The Federal Communications Commission Thursday took the first step toward opening vacant TV channels to commercial providers of wireless-broadband services on an unlicensed basis.
The FCC has been struggling to find scarce spectrum for the booming wireless-broadband market, led by 802.11 (Wi-Fi) technology, a competitive threat to high-speed cable-modem and digital-subscriber-line services that offers both fast speeds and mobility.
The agency unanimously adopted a notice of proposed rulemaking designed to determine whether unlicensed Wi-Fi providers can coexist with local TV stations without causing harmful interference to broadcasters.
“As a regulator, I think there is a home for both,” FCC member Kathleen Abernathy said. “I think we can find a way for them to coexist.”
FCC chairman Michael Powell has made it a priority to promote deployment over wires and the airwaves -- a goal embraced by the Bush White House as a means of spurring economic growth.
“There are potential risks to broadcasting, and we have to deal with them,” Powell said. “We should be willing to be bold, for the benefit of the age of personal communications, to continue to try to find ways to be creative with spectrum.”
FCC member Kevin Martin said he had concerns that the proposal might interfere with broadcasters’ digital transition, but he did not provide specifics.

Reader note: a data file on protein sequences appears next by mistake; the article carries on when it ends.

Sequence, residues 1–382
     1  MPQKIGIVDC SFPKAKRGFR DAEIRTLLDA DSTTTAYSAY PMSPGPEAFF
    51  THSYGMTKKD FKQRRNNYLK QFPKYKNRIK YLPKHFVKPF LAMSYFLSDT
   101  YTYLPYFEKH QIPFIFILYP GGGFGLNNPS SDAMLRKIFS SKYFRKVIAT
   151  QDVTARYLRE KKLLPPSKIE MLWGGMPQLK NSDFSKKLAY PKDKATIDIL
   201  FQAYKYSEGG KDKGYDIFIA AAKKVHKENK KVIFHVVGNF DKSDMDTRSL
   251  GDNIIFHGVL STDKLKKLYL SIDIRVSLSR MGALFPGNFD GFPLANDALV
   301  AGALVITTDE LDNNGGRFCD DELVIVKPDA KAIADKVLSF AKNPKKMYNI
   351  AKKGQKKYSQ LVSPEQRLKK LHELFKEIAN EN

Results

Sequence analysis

Broadcast spectrum, which is parceled out in 6-megahertz blocks, is considered beachfront property because the frequencies are robust over long stretches of terrain largely without regard to topography.
“The good news is that it’ll penetrate buildings. It penetrates foliage, as well,” said Ed Thomas, chief of the FCC’s Office of Engineering & Technology.
The FCC is hoping to exploit available spectrum between channels 5-51, excluding channel 37, which is used for radio astronomy. The availability of spectrum will vary by market size.
“In Montana, you might have 500 MHz if you’re on top of a mountain,” Thomas said.
The National Association of Broadcasters voiced its opposition to the NPR.
“We have serious concerns that the introduction of unlicensed devices into the television band could result in unforeseen interference in broadcast service to millions of television viewers,” NAB CEO Edward O. Fritts said in a prepared statement.
“Free, over-the-air television provides invaluable news, information and entertainment to local communities all over America and serves as a lifeline to citizens in times of crisis,” he added. “We will work with the FCC to ensure that this proposal can be accommodated while preserving interference-free over-the-air television.”